Written and directed by Sabu
With Tomoro Taguchi, Diamond Yukai and Shinichi Tsutsumi
Distributed by Shooting Gallery Films
Opens November 10th
The narrative of NON-STOP proceeds in fits and starts. Yasuda (Taguchi), a man despised by his co-workers and ignored by the woman he ineptly courts, decides to impress them by robbing a bank. However, he leaves the customary robber's mask at home and decides to stop by a convenience store to shoplift one. Caught by store clerk Aizawa (Yukai), he fires at him, grazing his arm. Unbeknownst to Yasuda, Aizawa is a heroin addict whose drug problems have sidelined his dreams of rock stardom, and he's so high that the pain doesn't affect him. Following Yasuda outside, he chases after him. To complicate matters, he runs into Takeda (Tsutusumi), a yakuza to whom he's heavily in debt and whom Yasuda bought a gun from. The three men chase each other obsessively through the streets of Tokyo well into the night.
I'm not sure why NON-STOP took four years to find American distribution, but obscure cultural references can't be the reason. While it's a yakuza film, it also partakes of an international lingua franca of hip, stylized nihilism, making it a kissing cousin to films like RUN LOLA RUN, GO and Wai Ka-Fai's TOO MANY WAYS TO BE NO.1. It owes a large debt to PULP FICTION, but as David Bordwell has observed, Tarantino-influenced Asian films have tended to draw from his playful structures, while American filmmakers have aped his dialogue instead.
What most distinguishes NON-STOP from contemporary Hollywood genre fare is its juggling of time and speed, like a DJ spinning excerpts of a record backwards or at 16 and 78 rpm . (In this respect, POINT BLANK and Steven Soderbergh's thrillers are among its closest American relatives.) For an action movie, it's strangely oneiric, even borderline melancholic. Its present may be a continual marathon, but Sabu varies the pace by speaking in the past and conditional tenses frequently. Especially in the first 30 minutes , the action is fleshed-out by flashbacks, as well as the device of having the same events depicted from two characters' point of view. (Aizawa's first-person perspective suggests that Sabu thinks heroin is a psychedelic.) Without flashbacks, NON-STOP would have no character development whatsoever. However, it goes beyond this relatively conventional technique by dramatizing its characters' fantasies: heroic self-mythologizing and hot sex scenes with women they pass on the street.
NASHVILLE SCENE critic Noel Murray has theorized that the long-term impact of DVD may result in a cinema of set pieces that don't add up to an organic whole, proposing Paul Thomas Anderson's BOOGIE NIGHTS and MAGNOLIA as precursors of this new breed of narrative. While I don't quite agree with his argument, NON-STOP strikes me as exactly the kind of film he's talking about. It's not exactly a succession of set pieces (in fact, Sabu places his final climax offscreen, and the overall flow matters more than any individual scene), yet it feels like a work whose pieces have been put together in arbitrary order and could be re-arranged to much the same effect. It might be a worthwhile exercise to watch it in random order on DVD and see if it holds up in this shuffled format, as Nicolas Saada did with GROUNDHOG DAY for his CAHIERS DU CINEMA column LE LECTEUR DE DVD.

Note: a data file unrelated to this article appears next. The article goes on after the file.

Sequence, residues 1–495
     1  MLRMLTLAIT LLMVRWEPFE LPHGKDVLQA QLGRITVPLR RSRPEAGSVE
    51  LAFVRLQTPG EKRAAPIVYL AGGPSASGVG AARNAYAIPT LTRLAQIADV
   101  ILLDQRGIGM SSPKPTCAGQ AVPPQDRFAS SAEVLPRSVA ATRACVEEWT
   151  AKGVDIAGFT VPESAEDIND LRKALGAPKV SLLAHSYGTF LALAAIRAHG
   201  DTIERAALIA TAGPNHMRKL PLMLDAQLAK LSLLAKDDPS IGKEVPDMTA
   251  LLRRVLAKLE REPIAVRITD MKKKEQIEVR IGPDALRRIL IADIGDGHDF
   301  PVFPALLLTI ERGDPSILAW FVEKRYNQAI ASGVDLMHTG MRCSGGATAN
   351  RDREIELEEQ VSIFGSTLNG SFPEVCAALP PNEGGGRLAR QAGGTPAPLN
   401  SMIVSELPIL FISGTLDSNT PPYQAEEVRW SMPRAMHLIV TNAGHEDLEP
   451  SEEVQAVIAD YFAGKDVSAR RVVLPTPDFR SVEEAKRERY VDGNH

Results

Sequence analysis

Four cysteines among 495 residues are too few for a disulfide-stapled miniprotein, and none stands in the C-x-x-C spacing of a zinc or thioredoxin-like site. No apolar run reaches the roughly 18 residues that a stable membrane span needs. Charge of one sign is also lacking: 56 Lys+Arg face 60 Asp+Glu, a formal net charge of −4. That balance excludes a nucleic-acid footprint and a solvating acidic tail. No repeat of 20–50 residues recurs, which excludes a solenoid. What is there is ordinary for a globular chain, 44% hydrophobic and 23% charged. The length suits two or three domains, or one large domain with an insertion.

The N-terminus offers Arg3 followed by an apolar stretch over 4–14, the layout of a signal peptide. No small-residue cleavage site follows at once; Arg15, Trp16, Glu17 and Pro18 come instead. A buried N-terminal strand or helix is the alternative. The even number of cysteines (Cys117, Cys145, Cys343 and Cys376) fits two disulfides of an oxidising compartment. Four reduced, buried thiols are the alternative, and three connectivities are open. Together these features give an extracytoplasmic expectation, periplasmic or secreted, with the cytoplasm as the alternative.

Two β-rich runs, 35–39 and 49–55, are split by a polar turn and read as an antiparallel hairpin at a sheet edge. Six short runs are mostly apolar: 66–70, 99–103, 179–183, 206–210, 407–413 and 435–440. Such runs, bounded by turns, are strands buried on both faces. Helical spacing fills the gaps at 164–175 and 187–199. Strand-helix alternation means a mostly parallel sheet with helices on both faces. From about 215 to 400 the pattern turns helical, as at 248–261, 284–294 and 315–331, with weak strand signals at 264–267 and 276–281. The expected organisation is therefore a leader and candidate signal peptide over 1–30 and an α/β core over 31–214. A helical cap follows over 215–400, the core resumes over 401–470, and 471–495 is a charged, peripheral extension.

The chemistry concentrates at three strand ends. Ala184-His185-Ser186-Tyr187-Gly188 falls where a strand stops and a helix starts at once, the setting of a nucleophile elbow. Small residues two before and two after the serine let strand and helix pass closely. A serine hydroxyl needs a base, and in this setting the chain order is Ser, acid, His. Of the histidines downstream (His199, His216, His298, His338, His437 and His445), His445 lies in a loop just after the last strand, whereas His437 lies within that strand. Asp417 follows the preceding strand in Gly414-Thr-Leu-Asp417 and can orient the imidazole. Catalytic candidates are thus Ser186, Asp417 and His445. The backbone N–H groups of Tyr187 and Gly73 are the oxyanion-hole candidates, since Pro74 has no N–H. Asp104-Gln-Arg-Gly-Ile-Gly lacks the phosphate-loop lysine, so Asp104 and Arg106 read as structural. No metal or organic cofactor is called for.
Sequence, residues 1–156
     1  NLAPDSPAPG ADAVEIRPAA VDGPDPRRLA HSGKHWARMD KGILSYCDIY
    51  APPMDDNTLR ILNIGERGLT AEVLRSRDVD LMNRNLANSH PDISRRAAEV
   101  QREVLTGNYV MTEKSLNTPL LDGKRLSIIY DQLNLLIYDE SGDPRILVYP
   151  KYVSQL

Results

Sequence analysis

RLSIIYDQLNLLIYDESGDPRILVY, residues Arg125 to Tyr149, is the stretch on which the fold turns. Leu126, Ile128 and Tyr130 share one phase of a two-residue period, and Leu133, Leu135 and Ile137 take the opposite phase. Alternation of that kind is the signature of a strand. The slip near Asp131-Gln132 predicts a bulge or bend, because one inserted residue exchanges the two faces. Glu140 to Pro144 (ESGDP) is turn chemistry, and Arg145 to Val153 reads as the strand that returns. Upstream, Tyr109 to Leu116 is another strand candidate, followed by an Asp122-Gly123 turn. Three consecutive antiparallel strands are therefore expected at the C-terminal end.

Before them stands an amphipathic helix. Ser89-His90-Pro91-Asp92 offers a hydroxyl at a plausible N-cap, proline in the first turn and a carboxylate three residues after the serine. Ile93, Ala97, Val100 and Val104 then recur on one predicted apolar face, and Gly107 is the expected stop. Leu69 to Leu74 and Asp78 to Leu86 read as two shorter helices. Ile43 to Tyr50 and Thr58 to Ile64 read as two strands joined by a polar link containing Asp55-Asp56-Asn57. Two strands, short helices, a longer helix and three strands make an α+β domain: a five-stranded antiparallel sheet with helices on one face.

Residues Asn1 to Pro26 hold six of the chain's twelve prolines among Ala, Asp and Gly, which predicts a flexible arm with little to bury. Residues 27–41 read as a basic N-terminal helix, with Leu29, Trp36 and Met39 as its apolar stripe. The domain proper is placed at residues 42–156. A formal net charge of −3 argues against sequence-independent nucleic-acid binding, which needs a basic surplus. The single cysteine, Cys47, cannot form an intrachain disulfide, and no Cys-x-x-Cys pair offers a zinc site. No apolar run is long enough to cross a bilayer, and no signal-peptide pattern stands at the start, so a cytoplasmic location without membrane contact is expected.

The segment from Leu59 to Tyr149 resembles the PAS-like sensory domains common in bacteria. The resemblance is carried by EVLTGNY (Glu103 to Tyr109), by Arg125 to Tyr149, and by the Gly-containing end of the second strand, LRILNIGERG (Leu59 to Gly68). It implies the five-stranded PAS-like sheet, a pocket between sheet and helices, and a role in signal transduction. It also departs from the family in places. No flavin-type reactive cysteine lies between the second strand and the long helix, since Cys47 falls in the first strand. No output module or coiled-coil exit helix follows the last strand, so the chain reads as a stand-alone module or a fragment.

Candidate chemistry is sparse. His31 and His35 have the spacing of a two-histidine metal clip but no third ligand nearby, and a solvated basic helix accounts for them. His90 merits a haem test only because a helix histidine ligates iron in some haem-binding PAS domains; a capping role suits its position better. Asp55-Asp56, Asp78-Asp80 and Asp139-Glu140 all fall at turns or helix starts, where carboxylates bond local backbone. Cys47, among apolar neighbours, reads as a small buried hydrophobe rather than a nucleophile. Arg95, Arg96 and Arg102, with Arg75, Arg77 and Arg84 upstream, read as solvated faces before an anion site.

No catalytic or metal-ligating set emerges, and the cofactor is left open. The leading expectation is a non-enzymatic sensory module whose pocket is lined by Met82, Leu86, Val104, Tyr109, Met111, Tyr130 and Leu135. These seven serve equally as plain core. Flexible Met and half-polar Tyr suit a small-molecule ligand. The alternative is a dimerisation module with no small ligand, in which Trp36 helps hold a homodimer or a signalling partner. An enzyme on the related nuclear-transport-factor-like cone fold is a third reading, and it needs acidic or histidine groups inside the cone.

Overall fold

Sabu's ease with non-linear time frames produces a weightlessness that's
not always beneficial, although it's appropriate to men who find
their redemption - to the extent that one exists - in velocity. For
Yasuda, Aizawa and Takeda, even a ridiculous quest better than the messes
they've made of their lives and the one they're heading towards once the
race ends. Their world is a club of immature boys, with women relegated
to distant, unattainable objects of desire or nagging, maternal figures.
The chase's main pleasure comes when exhaustion begins to work
like a drug, allowing them to start dreaming with their eyes open. This
state of hallucinatory euphoria, commingled with dread, is the film's presiding
mood, producing a finale with a very Japanese mix of calm and chaos and
an ending that just barely rises above casual nihilism. There may not be
much hope for the characters of NON-STOP, but any film this enthusiastic
about editing's unlimited temporal and narrative possibilities
- while avoiding Oliver Stone's brand of AVID abuse - can't help
but feel a little optimistic.